The primary concern from investors seems to center on conversions of paper production mills/machines currently focused on secularly declining markets like printing paper or newsprint. The fear is that these potential conversions will expand the supply of raw containerboard too much. Many investors believe that excess supply from such conversions will occur, resulting in falling prices sometime in the next decade. This would reduce the profitability of companies like WRK.

However, what is lost in the analyst negativity and apathy is any thoughtful analysis of how long it takes to convert machines (equipment lead times alone are close to two years), and not all conversions are created equal. Most importantly, the consolidated industry is running above effective capacity. As a result, announced conversions would simply meet future demand increases versus creating dangerous excess supply in an industry that already lacks any spare capacity. (Current capacity utilization is 93%. In general paper mills cannot be run flat out for extended periods.)

As we model out the potential timeline of new supply on a mill-by-mill basis, we think the risk of oversupply is quite low. The capacity additions are mainly being driven by vertically integrated suppliers who need these additions to meet customer demand. In addition, four players control ~80% of industry volumes today.

We believe that the market is also not considering important empirical evidence related to how these oligopolistic players behaved during the last periods of capacity additions and one period of demand weakness on the back of a produce reducing drought in California. In each of these three periods since 2010, market participants behaved rationally, and idled machines for brief periods of time to balance supply, demand and pricing (resulting in little to no negative impact to profitability per ton of output volume).

What were the multiples these stocks traded at in 2016 when they capitulated?

(Please note that the market itself is nearly ~60% higher than February of 2016, and higher rates should favor names companies such as WRK and hurt the market. Thus, we believe this is a massive disconnect.)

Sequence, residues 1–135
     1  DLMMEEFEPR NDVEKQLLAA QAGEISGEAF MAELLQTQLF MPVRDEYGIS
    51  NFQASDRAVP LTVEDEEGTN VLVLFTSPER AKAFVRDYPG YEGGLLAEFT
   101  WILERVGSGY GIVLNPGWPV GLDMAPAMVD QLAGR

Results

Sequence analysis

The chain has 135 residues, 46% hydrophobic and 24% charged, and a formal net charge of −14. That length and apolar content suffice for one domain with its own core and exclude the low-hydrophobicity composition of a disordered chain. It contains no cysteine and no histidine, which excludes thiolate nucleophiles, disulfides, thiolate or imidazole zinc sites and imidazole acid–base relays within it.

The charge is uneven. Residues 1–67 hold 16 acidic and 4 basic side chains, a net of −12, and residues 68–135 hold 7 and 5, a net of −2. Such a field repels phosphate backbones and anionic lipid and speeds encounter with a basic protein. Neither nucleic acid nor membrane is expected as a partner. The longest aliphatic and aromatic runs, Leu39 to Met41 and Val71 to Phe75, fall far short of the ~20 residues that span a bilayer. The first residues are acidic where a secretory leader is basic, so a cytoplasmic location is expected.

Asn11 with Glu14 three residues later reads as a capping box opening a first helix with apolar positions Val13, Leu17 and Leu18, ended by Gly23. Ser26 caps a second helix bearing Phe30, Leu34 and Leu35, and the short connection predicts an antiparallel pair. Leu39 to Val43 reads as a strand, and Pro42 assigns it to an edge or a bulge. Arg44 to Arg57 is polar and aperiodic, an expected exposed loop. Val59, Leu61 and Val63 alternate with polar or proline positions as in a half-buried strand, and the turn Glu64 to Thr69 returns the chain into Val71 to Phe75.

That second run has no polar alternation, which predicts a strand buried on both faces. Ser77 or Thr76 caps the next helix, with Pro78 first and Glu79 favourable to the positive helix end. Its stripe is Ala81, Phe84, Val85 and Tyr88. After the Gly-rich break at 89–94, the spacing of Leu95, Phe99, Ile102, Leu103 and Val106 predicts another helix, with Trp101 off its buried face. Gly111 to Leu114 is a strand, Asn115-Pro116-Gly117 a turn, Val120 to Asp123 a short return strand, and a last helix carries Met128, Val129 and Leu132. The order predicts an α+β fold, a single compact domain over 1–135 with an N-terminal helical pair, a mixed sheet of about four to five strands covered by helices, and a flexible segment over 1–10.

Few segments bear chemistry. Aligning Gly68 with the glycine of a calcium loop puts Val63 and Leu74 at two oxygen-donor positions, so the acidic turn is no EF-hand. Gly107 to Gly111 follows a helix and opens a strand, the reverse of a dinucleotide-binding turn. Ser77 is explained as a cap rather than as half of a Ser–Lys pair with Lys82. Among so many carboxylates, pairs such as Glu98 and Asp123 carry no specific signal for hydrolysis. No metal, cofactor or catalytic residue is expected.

WRK bottomed at $30 in 2016, but EPS estimates were $3.00 whereas now the stock is approaching $40 and the estimates are $3.94.

Regardless of how one views the industry or the market backdrop, the comps as well as WRK – 2019 marks the lowest valuation at which they have ever traded. As part of an oligopoly, the group is not nearly as cyclical as some would believe. A big portion of WRK’s business is food-related, and even in a recession, food consumption is not going to decline significantly. As an early-cycle name, even if we see a recession imminently, WRK will be among the first to recover. Looking at past recessions, the beaten-to-death value names start to recover well before the recession is done. We believe companies such as WRK are already factoring in a worst possible recession scenario.  It is exceptional to find quality companies such as WRK at a ~5% dividend yield if markets were purely rational. A recession will certainly come (at some point), but we believe companies such as WRK already largely reflect it. Obviously, the stock can see lower levels, but, then we will have a bigger yield and we are confident in our analysis in claiming that the dividend is safe. The companies remaining in the space are highly unlikely to price irrationally to try and gain share. We believe we have been experiencing the worst downcycle for value in history. Positioning remains at an all-time low for value and cyclicals. Thus, we believe the upside from here is similarly extreme.



I hold a position with the issuer such as employment, directorship, or consultancy.
I and/or others I advise do not hold a material investment in the issuer's securities.


  • Quarterly Earnings on Thursday morning where expectations are de minimis, but numbers for next year are likely to go up, and concerns and any bear thesis likely to be dispelled by conference call.  This call we believe will prompt many investors to recognize the value in WRK, and see many new buyers coming into the name.

  • Some analysis and recognition by the sell-side that WRK is trading below historic trough multiples and the consequential sponsorship that the stock is currently missing.
  • Recognition that the tariffs and “trade war” will have minimal impact on WRK, and if a deal with China is consummated, then concerns on tariffs will have no impact on WRK
  • Containerboard price increases
  • Recognition that even in the event that tariffs or something unforeseen ultimately lead to a recession, that WRK is ridiculously cheap and as part of an oligopoly with heavy exposure to the food industry, will not see substantial decline in revenue or earnings